For 1964, Plymouth got another major restyle featuring a new "slantback" roofline for hardtop coupes that would prove extremely popular. Many enthusiasts consider the '64 models to be the most attractive of the '60s Plymouths. Also debuting in 1963 was the 426-S performance engine, arguably an equal to the street offerings of Chevrolet, Ford, and Pontiac, but at a much lower price.

Meanwhile, the Valiant spawned a small personal luxury car called the Barracuda that appeared mid-year, just as the Ford Mustang arrived. Had it showed up in 1963, when the design was available, history and the "Pony Car" name might be a good deal different.  A total of 23,433 Barracudas were produced compared to 121,538 Mustangs, but regardless, the car helped lift Plymouth total sales to 547,027 up over 63,000 over 1963. The addition of the "LA" 273 V8 in the Valiant and Barracuda also helped energize the brand.

In 1964 the "Hemi" debuted, but only as a special race-oriented package available to selected NASCAR and drag racing operators. When teamed with the last iteration of the Max Wedge, Plymouths and Dodges dominated the Super Speedways and drag racing's 1/4-mile. Plymouth's offerings of the 426 Street, the Max Wedge, and the Hemi were very dominant performance cars, prompting Ford, Chevrolet, and Pontiac to expand their performance models.

For 1965, Plymouths were built on a new platform and became the biggest Plymouths ever produced. The Savoy was discontinued, and Belvedere became an "intermediate," but it was basically a restyled 1964. All big Plymouths became "Furys" for 1965. The low end series was "Fury I", the mid-level models were "Fury II", and deluxe models were "Fury IIIs". Above Fury III was the "Sport Fury" which featured bucket seats and a V8 engine and could be equipped with the 426-S, similar to the Ford Galaxie 500/XL and Chevrolet Impala Super Sport.

Changing the Fury line to 119 inch wheelbase, now competitive with Ford and Chevrolet in size, resulted in a huge sales increase with full-size Fury sales rising to 329,950. This, coupled with Belvedere and Satellite mid-size sales of 159,535 and Barracuda and Valiant sales of  231,749, pushed Plymouth into the thick of the Big Three's low-price fight at 721,234. Consider that only three years earlier, Plymouth sold only half that number.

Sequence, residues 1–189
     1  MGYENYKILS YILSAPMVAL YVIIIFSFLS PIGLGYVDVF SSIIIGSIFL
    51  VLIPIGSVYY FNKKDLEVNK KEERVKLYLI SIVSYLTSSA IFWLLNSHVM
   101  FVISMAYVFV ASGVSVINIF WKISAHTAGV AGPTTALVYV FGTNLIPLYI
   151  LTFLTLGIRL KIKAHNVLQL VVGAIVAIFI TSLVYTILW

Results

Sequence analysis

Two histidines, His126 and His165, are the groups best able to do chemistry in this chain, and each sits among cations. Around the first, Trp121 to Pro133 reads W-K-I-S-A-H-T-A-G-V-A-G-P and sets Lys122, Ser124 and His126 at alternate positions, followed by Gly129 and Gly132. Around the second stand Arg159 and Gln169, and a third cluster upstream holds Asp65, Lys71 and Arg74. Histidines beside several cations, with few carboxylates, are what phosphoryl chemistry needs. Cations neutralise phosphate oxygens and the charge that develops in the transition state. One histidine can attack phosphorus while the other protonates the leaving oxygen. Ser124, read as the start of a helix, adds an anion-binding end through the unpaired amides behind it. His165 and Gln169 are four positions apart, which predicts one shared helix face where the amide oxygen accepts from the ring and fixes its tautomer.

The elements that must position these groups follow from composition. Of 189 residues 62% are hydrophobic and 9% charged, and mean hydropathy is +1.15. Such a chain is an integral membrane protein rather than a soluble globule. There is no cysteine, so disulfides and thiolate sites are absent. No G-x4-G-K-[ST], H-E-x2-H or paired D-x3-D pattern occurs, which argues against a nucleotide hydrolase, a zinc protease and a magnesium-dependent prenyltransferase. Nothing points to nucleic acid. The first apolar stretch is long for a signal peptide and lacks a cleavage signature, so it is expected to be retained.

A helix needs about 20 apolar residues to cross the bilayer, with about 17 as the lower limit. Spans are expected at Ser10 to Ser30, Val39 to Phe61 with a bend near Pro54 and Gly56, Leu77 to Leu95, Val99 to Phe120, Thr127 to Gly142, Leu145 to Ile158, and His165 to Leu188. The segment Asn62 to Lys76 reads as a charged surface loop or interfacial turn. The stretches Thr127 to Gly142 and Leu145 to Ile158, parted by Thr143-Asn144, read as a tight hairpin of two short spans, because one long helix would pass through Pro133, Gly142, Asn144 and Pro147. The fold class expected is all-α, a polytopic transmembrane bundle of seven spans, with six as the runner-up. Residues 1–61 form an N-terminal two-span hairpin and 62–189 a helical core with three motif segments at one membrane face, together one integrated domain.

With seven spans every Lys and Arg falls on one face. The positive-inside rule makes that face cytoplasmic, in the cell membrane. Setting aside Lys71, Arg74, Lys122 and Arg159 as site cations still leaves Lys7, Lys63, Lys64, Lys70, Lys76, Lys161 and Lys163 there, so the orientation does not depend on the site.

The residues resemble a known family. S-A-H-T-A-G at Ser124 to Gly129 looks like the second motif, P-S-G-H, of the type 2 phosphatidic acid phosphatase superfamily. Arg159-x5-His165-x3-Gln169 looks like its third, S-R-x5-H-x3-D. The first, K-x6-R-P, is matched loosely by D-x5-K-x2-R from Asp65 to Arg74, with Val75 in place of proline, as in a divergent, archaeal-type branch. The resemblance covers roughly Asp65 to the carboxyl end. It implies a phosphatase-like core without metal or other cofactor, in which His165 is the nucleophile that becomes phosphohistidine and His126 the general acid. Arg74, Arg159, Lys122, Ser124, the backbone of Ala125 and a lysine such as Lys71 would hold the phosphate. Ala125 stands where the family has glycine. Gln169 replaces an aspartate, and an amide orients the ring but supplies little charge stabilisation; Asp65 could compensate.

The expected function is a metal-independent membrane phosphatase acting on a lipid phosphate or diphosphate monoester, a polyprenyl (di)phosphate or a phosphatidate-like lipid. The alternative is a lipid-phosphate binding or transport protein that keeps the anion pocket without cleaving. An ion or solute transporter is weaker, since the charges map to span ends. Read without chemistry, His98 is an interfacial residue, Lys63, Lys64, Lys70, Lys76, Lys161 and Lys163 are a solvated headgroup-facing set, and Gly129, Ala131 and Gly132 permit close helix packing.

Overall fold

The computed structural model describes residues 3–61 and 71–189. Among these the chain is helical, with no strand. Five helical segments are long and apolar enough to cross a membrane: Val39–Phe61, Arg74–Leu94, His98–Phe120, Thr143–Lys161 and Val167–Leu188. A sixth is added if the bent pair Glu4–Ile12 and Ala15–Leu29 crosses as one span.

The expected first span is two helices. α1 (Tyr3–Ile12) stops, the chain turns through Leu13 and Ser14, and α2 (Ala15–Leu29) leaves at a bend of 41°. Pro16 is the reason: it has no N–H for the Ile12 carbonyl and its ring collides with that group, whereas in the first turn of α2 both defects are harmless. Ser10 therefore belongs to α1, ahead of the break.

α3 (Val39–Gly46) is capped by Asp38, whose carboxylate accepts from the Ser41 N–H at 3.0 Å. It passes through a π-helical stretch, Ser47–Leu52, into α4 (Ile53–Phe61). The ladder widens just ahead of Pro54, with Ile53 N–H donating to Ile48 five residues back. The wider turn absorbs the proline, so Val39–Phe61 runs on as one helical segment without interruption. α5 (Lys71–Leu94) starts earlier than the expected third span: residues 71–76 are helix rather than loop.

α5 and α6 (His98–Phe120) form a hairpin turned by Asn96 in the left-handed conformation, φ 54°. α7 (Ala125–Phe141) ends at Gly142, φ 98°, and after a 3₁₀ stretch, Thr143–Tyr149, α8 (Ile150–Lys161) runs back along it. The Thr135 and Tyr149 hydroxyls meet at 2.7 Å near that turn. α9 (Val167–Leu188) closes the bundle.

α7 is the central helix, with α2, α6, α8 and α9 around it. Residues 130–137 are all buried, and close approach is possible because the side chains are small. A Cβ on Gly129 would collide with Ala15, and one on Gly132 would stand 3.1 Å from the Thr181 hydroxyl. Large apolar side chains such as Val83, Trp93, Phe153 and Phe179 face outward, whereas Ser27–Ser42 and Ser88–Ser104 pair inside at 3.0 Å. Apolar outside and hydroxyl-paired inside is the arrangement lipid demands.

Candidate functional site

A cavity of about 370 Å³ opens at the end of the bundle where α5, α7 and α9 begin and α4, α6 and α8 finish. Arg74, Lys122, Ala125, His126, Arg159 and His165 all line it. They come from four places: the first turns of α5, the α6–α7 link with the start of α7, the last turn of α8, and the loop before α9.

Nothing changed in the performance packages for 1965 over 1964, but the "Elephant", as the Hemi was known, was coming to the average Joe due to the sanctioning bodies in NASCAR and NHRA demanding this engine be made available to the public or it could not compete. While it did not in and of itself sell in large numbers, the introduction of the "Street Hemi" would solidify Plymouth as the manufacturer of super-high performance street machines.

Total full size Plymouth production for 1965 was 489,485 - up over 170,000 from 1964. Valiant production, including Barracudas, totaled 231,749, up from 225,156.

Next up, the Street Hemi Years of 1966-70.

 

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The 1962 Plymouths looked cleaner but still showed some vestiges of the previous styling. Some said the shorter wheelbase hurt sales, but it was only 2-inches smaller.

The 1963 Fury Sport Sedan was clean, crisp, and good looking from any angle by the standard of the day - and it outsold the 1962 models by over 80,000 units!

The 1964 Plymouth Sport Fury was based on the '63, but a new roof, front fascia, and rear tail lights made it a whole new car - boosting sales of the mid-size to over 297,000.

The 1965 Sport Fury (and all Furys) were now found on a 119" wheelbase - equal to their competition at Ford and Chevrolet. It paid off with a over 172,000 in new sales!